A lottery is a form of gambling which involves the drawing of lots for a prize which may be a certain amount of money and is taxable if over a certain amount depending on the country and or state the lottery was drawn. Most lottery expenditures go to various institutions, primarily public school systems.
Lottery is outlawed by some governments, while others endorse it to the extent of organizing a national or state lottery. It is common to find some degree of regulation of lottery by governments. At the beginning of the 20th century, most forms of gambling, including lotteries and sweepstakes, were illegal in many countries, including the U.S.A. and most of Europe. This remained so until after World War II. In the 1960s casinos and lotteries began to appear throughout the world as a means to raise revenue in addition to taxes.
The purchase of lottery tickets cannot be accounted for by decision models based on expected value maximization. The reason is that lottery tickets cost more than the expected gain, so one maximizing expected value should not buy lottery tickets. Yet, lottery purchases can be explained by decision models based on expected utility maximization, as the curvature of the utility function can be adjusted to capture risk-seeking behavior. More general models based on utility functions defined on things other than the lottery outcomes can also account for lottery purchase. In addition to the lottery prizes, the ticket may enable some purchasers to experience a thrill and to indulge in a fantasy of becoming wealthy. If the entertainment value (or other non-monetary value) obtained by playing is high enough for a given individual, then the purchase of a lottery ticket could represent a gain in overall utility. In such a case, the disutility of a monetary loss could be outweighed by the combined expected utility of monetary and non-monetary gain, thus making the purchase a rational decision for that individual.
The first recorded signs of a lottery are keno slips from the Chinese Han Dynasty between 205 and 187 BC. These lotteries are believed to have helped to finance major government projects like the Great Wall of China. From the Chinese "The Book of Songs" (2nd millennium BC.) comes a reference to a game of chance as "the drawing of wood", which in context appears to describe the drawing of lots. From the Celtic era, the Cornish words "teulel pren" translates into "to throw wood" and means "to draw lots". The Iliad of Homer refers to lots being placed into Agamemnons helmet to determine who would fight Hector.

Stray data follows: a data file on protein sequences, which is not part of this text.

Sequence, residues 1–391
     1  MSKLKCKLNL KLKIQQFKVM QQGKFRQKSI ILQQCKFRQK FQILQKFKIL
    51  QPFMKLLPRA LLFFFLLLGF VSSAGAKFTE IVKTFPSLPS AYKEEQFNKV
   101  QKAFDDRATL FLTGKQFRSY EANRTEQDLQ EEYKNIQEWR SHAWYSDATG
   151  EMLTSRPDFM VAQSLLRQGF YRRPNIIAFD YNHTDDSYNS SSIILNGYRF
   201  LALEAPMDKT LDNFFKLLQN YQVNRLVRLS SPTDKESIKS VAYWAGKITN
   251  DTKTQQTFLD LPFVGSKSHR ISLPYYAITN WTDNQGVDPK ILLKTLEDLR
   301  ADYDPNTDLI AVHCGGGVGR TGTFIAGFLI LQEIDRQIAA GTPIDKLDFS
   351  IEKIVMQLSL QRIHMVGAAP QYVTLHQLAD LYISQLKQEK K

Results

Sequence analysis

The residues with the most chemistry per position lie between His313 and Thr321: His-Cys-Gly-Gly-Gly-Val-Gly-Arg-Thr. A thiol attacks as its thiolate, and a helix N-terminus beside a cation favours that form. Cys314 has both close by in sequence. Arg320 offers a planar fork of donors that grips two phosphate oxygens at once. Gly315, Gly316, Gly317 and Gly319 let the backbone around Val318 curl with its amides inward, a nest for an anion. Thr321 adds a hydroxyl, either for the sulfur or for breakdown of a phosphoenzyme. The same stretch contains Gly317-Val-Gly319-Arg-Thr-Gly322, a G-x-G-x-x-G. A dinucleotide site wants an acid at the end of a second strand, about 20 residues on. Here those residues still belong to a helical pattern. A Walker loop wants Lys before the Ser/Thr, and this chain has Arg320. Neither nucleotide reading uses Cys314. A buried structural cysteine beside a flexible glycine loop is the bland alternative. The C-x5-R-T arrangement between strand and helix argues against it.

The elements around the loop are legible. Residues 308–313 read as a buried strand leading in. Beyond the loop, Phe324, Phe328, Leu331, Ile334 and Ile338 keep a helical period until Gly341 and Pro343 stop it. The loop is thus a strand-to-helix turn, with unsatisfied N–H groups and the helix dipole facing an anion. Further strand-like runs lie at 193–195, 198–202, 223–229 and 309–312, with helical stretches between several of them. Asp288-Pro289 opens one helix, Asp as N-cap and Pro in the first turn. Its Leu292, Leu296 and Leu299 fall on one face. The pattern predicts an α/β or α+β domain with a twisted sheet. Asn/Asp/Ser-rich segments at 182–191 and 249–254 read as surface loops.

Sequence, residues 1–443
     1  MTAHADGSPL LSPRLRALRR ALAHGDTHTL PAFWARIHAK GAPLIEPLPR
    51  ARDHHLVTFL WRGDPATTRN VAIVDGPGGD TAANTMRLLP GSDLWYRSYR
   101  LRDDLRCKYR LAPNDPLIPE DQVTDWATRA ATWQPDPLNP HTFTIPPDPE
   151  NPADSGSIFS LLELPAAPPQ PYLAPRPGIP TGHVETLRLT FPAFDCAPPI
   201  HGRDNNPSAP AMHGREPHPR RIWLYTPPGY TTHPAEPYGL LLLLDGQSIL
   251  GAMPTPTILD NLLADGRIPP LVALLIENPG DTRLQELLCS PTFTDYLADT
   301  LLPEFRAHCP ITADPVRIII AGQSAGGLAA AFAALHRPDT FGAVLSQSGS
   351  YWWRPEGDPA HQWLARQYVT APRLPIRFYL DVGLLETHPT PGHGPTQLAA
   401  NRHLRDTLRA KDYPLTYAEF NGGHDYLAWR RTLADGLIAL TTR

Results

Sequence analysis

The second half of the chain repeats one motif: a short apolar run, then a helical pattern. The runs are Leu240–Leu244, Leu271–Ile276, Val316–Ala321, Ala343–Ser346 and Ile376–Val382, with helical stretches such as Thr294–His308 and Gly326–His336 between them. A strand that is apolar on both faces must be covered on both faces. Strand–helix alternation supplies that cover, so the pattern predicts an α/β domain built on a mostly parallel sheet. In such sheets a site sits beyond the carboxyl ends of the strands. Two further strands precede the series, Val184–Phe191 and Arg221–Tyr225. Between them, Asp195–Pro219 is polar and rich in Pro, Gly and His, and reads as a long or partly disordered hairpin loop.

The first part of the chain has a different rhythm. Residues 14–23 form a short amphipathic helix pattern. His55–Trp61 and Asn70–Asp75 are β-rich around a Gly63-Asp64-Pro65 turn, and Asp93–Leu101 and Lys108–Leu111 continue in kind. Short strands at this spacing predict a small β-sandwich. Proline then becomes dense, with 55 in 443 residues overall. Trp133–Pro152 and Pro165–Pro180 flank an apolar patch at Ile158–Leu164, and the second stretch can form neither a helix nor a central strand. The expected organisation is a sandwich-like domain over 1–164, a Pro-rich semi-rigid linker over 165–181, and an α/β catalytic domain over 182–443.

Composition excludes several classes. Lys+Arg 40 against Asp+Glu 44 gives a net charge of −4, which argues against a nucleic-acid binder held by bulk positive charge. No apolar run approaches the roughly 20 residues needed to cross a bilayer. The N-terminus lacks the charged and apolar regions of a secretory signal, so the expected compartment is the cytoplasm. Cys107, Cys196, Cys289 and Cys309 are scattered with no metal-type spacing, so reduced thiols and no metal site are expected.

The first known European lotteries were held during the Roman Empire, mainly as an amusement at dinner parties. Each guest would receive a ticket, and prizes would often consist of fancy items such as dinnerware. Every ticket holder would be assured of winning something. This type of lottery, however, was no more than the distribution of gifts by wealthy noblemen during the Saturnalian revelries. The earliest records of a lottery offering tickets for sale is the lottery organized by Roman Emperor Augustus Caesar. The funds were for repairs in the City of Rome, and the winners were given prizes in the form of articles of unequal value.
The first recorded lotteries to offer tickets for sale with prizes in the form of money were held in the Low Countries in the 15th century. Various towns held public lotteries to raise money for town fortifications, and to help the poor. The town records of Ghent, Utrecht, and Bruges indicate that lotteries may be even older. A record dated May 9, 1445 at LEcluse refers to raising funds to build walls and town fortifications, with a lottery of 4,304 tickets and total prize money of 1737 florins. In the 17th century it was quite usual in the Netherlands to organize lotteries to collect money for the poor or in order to raise funds for all kinds of public usages. The lotteries proved very popular and were hailed as a painless form of taxation. The Dutch state-owned Staatsloterij is the oldest running lottery.
The first recorded Italian lottery was held on January 9, 1449 in Milan organized by the Golden Ambrosian Republic to finance the war against the Republic of Venice. However, was in Genoa that Lotto became very popular. People used to bet on the name of Great Council members, who were drawn by chance, five out of ninety candidates every six months . This kind of gambling was called Lotto or Semenaiu. When people wanted to bet more frequently than twice a year, they began to substitute the candidates names with numbers and modern lotto was born, to which both modern legal lotteries and the illegal Numbers game can trace their ancestry.
King Francis I of France discovered the lotteries during his campaigns in Italy and decided to organize such a lottery in his kingdom to help the state finances. The first French lottery, the Loterie Royale, was held in 1539 and was authorized with the edict of Châteaurenard.
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